Slow starts and low tempo remain a problem on offense for the Tampa Bay Buccaneers

TAMPA, FL - SEPTEMBER 11: Josh Freeman #5 of the Tampa Bay Buccaneers makes a pass during the season opener against the Detroit Lions at Raymond James Stadium on September 11, 2011 in Tampa, Florida. (Photo by Mike Ehrmann/Getty Images)

The Tampa Bay Buccaneers offense could not get anything done in the first half. They ran just 23 plays gaining 108 net yards in the first half, most of which came in a two-minute drill toward the end of the half. The Bucs couldn't sustain a drive, and they couldn't keep the Lions off the field. This lead to a Bucs defense that was simply tired at the end of the second quarter, when the Lions just dink-and-dunked them to death. 

Part of the problem on offense was and has been over the years a lack of tempo. When you look at the top offenses in the NFL, they all play quickly. The time between one play and the next play is small, and this forces defenses to play basic and limits the amount of substitutions they can make. But the Bucs have never been able to establish a tempo like that early in games, and it's only when they go to their hurry-up offense at the end of games that they can dictate the tempo of a game. 

A lot of things went wrong on offense today, but to me that stands out. This is not something that is a result of playcalling or scheme, it is the lack of a sense of urgency on offense. It seems that the Bucs are pretty lackadaisical whenever there's no immediate time pressure.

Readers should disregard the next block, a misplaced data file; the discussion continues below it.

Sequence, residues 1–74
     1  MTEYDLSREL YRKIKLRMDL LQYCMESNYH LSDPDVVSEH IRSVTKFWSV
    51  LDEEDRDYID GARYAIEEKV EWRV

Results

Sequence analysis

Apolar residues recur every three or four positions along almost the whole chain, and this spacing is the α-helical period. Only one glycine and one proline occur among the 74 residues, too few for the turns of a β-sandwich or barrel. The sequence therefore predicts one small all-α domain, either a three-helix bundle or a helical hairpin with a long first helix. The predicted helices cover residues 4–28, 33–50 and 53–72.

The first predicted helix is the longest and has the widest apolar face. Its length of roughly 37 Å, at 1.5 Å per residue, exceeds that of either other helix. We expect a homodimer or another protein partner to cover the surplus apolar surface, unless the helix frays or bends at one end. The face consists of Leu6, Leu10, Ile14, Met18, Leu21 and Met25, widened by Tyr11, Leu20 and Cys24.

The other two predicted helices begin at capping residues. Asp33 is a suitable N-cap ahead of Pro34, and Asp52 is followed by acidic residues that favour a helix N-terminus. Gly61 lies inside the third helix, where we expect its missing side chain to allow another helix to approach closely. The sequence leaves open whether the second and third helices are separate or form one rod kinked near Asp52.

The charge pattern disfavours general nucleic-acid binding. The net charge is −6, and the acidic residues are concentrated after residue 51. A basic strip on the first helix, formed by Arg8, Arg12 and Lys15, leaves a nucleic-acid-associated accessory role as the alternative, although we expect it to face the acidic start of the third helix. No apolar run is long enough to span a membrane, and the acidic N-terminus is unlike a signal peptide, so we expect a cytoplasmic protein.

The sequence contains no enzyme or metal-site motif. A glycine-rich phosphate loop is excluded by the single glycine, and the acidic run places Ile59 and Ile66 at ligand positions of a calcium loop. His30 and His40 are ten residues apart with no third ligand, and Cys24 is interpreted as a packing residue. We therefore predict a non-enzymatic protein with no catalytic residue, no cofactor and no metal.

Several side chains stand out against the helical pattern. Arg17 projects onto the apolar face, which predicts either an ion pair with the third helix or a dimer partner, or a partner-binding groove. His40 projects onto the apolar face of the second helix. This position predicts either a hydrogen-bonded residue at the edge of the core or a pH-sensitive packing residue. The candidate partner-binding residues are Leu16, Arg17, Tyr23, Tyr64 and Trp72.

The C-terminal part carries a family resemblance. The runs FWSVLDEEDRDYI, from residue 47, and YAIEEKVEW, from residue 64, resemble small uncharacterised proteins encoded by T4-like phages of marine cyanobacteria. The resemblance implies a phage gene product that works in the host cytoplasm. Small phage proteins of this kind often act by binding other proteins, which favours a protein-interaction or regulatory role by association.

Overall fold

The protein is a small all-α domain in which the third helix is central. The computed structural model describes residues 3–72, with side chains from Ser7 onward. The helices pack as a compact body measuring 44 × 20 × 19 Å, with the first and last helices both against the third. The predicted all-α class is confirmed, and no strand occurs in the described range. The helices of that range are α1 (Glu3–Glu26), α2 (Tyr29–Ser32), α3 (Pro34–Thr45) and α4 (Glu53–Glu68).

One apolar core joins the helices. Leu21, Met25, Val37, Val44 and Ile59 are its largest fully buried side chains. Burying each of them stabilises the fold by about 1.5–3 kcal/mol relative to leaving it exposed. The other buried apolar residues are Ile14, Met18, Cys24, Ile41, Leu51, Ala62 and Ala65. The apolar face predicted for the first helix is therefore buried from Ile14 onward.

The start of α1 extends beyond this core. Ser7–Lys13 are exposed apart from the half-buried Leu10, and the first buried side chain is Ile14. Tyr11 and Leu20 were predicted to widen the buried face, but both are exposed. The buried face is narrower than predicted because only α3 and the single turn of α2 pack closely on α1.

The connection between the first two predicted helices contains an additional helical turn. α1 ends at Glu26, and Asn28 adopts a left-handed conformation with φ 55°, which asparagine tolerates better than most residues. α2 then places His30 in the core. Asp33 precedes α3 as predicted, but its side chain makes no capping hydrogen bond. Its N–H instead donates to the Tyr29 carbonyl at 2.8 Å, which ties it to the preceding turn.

This is something the Bucs and Josh Freeman specifically have to fix. Tampa Bay has a potent enough offense to dictate games early on, but they never get off to a fast start. The reasons for that are legion, but a lack of tempo stands out. If Freeman can get his team to the line of scrimmage faster, that gives the Bucs one leg up. 

Even the Detroit Lions played with good tempo throughout the game, but especially in the first quarter. They didn't allow the Bucs defense to get set and forced them to play fairly basic. There's no reason why the Bucs can't do this, yet for some reason they don't. 

The Bucs realize this, too. The entire second half was played in a hurry-up offense, which automatically meant a much better tempo. And lo and behold, the Bucs had some success that way. Playing with tempo doesn't need to be accompanies by a true two-minute offense, and the Bucs can still run the ball. All they need to do is line up quicker. How hard can it be?

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